That’s the question I ask when I read other people’s blogs.
Is the author talking to me or to him or herself?
Dialogue or Monologue? It’s a question I ask myself every time I’m writing a new blog post. Am I really talking to my readers, or am I involved in a narcissistic exercise?
Ideally, I want my stories to be the start of a conversation with you. That’s why the comment section is my favorite part of this blog. I love it when readers share their experiences and offer additional insights.
There are also comments that you never get to see. People email me almost every day, and I do my best to get back to each and every one of them. Sometimes they tell me very personal stories that move me to tears. Other times they just want some practical advice.
Lately, I’ve been getting a lot of questions about blogging. That’s no surprise because so many colleagues have started a blog or are seriously thinking about it. Today I’ll answer a couple of your blogging-related questions. Let’s start with one I get asked all the time.
How do I know blogging is for me? I’m not much of a writer.
It depends on what you mean by writer. Some people think of Tolstoy, Hemingway or Steinbeck. That’s quite intimidating. Most bloggers are not going to be nominated for the Nobel Prize in Literature. That’s not the goal. There’s one thing successful bloggers have in common with giants like Capote, Faulkner and Irving: they are good storytellers.
You might not see yourself as a writer, but we all have stories to tell. Start there. Often, the more personal stories tend to have universal appeal. There’s no need to construct complicated plots or introduce a plethora of characters. Stay close to home. Keep it simple. Some of the best blogs read like a conversation that’s written down.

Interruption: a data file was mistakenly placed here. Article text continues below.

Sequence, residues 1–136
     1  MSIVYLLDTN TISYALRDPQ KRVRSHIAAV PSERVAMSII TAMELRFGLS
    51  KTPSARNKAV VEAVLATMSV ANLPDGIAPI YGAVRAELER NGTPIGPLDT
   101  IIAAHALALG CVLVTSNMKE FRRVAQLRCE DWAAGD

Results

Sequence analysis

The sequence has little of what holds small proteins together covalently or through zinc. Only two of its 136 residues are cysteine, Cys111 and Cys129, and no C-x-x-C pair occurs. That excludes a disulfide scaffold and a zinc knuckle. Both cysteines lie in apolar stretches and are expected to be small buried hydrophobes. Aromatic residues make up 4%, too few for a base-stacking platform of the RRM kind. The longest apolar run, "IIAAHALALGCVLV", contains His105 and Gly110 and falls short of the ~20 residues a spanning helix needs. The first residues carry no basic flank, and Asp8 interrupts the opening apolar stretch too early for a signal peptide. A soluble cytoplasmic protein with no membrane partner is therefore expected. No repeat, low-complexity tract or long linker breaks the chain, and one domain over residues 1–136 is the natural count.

If you feel that that’s something you’re interested in, go for it. Too many people give up without even trying. The operative word is “feel”. If you look at blogging as something you “must” do, it becomes another chore and it will show.
What do I write about? Where do I find ideas?
Blogging is more about opinions and not so much about unearthing new facts. A blog is an opportunity to put your spin on something your community is talking about. Social media make it really easy to tap into that. Not everything can be discussed in 140 characters. Sometimes, a short Facebook comment can grow into a full-blown article.
I often write about things I run into myself as a freelancer: how to market my business, how to determine my rates, what to do about clients who pay late, what equipment to buy, et cetera. If it’s something that concerns you, you can bet it concerns others as well. I can’t tell you how many times my research resulted in a story.
Don’t underestimate your own expertise. For many of us, being a voice-over is a second or third career. Some of you came from sales, others were educators and many of you did something in media. What you’ve learned there is a goldmine. It has colored your take on “the business.” Draw from that experience and translate it to the world of voice-overs. That’s going to be your unique perspective.
I find myself staring at a blank page. How do I get started?
It’s a myth that writers look out of the window, waiting for a wave of inspiration. It rarely happens. Most authors have to work at it. Every time I get a snippet of an idea, I write it down. If I don’t record it, it will disappear. At that stage I find it helpful not to censor myself. Anything goes. Editing comes later.
By the time I get closer to Thursday -the day I publish my blog- some kind of theme usually emerges. Why that happens, I don’t know. My mind works in weird ways I have yet to understand. When it’s time to write, I take a good look at my notes to see what jumps out at me. That’s the thing I tend to go with because it triggers something in me.
Other times I know I need to do more research before I can turn an idea into an article. It took me a few weeks before I could write my series on getting paid. Even though blogging is often about subjective experience, I do want to make sure that I get all the facts right.